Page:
The Charter at COP26: The Future of Professional Bodies in a Net Zero World

City architecture and skyscrapers near waterfront.
City architecture and skyscrapers near waterfront. Photo by Pedro Lastra on Unsplash.
4 Nov 2021

A climate charter for professional bodies now represents over a million professionals globally. On day 4 of COP26, during a discussion about the future of the charter a panel of professionals outlined the importance of interdisciplinary collaboration, and laid out the first steps for professional bodies post-COP. The discussion closed with a simple message: net-zero is coming for everyone, and this challenge is best faced together.

The Professional Bodies Climate Action Charter, launched at London Climate Action Week 2021, aims to improve sustainability guidance for professionals, by sharing expertise across professions and making the results available to all institutions. The number of professionals represented through supporting organisations recently passed one million and includes scientists, lawyers, accountants, health professionals, engineers and more across the UK, Australia and New Zealand.

On the 4th day of COP26, the Charter hosted its largest meeting yet, showing off the progress made since launching in July. It also shared hopes for the future of professional bodies in a net zero world. The session was opened by:

  • Moderator: Heather McKay, Policy Advisor at E3G
  • Keynote speaker: Nick Baker, Deputy Director of Business & Engagement at the COP26 Unit

Followed by:

  • Colin Church, CEO, Institute of Materials, Minerals and Mining (IOM3)
  • Ethny Childs, Engagement & Communities Lead, Institution of Environmental Sciences (IES)
  • Caroline May, Chair, Law Society Climate Change Working Group
  • Klaus Veil, President, Australian Council of Professions (ACoP)

In his keynote, Baker called for a “step change” in climate action “working right across society”. The early outcomes from Glasgow, from a wide-ranging declaration on land use and deforestation to the alignment to net-zero of financial assets via GFANZ, demonstrated this necessity. Forestry, agriculture, finance and energy are just some of the professions and industries represented by the Charter – it is clear there is work for all of them.

Heroes, not villains, of the green transition

Church explained the critical gaps in climate action the Charter is placed to fill. He noted that professional bodies are trusted by the public and not motivated by commercial interests, placing them in a strong position for leadership. Crucially, a majority of those who will make up the workforce in 2050, when many nations have committed to meet net-zero, are already at work today. This means professional bodies have an imperative to upskill their members now.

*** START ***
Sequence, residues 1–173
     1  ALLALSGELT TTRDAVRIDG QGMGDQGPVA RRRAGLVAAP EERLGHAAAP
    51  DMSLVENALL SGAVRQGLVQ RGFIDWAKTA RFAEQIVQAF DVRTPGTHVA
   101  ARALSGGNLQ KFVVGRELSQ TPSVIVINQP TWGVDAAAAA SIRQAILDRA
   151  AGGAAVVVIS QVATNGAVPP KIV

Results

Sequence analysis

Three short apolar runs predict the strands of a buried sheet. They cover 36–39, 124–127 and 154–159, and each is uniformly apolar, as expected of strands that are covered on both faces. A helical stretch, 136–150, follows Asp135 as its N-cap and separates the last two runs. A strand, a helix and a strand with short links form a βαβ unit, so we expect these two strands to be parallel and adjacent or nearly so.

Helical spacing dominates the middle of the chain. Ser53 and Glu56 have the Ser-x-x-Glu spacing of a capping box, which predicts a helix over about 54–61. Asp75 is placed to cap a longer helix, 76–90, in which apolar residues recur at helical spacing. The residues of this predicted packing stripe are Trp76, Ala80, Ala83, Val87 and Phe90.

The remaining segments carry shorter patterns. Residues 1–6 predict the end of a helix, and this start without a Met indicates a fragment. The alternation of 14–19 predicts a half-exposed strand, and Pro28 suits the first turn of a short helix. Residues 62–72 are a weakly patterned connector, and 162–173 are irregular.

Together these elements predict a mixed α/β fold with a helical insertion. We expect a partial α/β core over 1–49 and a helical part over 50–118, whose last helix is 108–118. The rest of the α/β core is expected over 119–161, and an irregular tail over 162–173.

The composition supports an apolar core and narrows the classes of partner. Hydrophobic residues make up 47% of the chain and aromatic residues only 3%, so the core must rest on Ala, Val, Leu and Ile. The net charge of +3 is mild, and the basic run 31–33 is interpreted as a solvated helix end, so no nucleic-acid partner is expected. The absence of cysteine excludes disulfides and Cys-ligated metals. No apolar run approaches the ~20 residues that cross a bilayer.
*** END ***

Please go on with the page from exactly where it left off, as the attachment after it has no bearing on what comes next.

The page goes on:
Church shared his vision of supporting IOM3’s members “to be heroes of the transition… and not villains”, and argued that the skills of petroleum engineers would be vital for building the offshore wind farms of the future. Childs agreed, emphasising the importance of engaging members to understand their needs and give them agency in this process.

Collaboration is key in the future of professional bodies

Interdisciplinary collaboration was held up by May as a key value-added of the Charter, in an already-crowded climate initiative space. “In my years of practice… there has not been a solution that hasn’t involved that multidisciplinary working so it’s an absolute no-brainer… my chemistry teacher would be amazed at my grasp of chemistry now”. She finished: “membership gives you a community, it gives you support, it gives you networking opportunities and a very powerful voice”.

Veil was keen to point out that he applied across borders, as well: “We are down under… but the issues of course, here, are just the same”. Work on this is already underway, with Veil announcing that inspired by Charter, ACoP had set up a Professional Bodies Forum for Climate Action, open to all types of organisations across Oceania.

Challenges after COP

Looking ahead, the panel offered some concrete challenges the Charter and its signatories would have to find solutions to. “Should you act for heavily polluting industries?” asked May, noting that this is a key issue not just for younger lawyers but also many of their clients, who now “won’t engage a law firm that doesn’t have proper sustainability principles”. Providing guidance on these issues, she said, is a core role of professional bodies.

But Childs emphasised that such thorny issues need not be faced alone. “we are all going to have to get to net-zero… and [the Charter] will provide you with resources to help you do this”. Veil concurred, saying: “different organisations will be at different places in the journey, and we need to bring them all with us”.

Above all, the Charter is not a to-do list to get to net zero. Rather, it is the opening of a long-overdue discussion. “We really do need to take what’s decided here and make that into tangible actions,” Childs said, “we need to see this COP as the beginning, not the end, of the journey”.

The recorded session on the Future of Professional Bodies in a Net Zero World can be found on the PBCAC YouTube channel.


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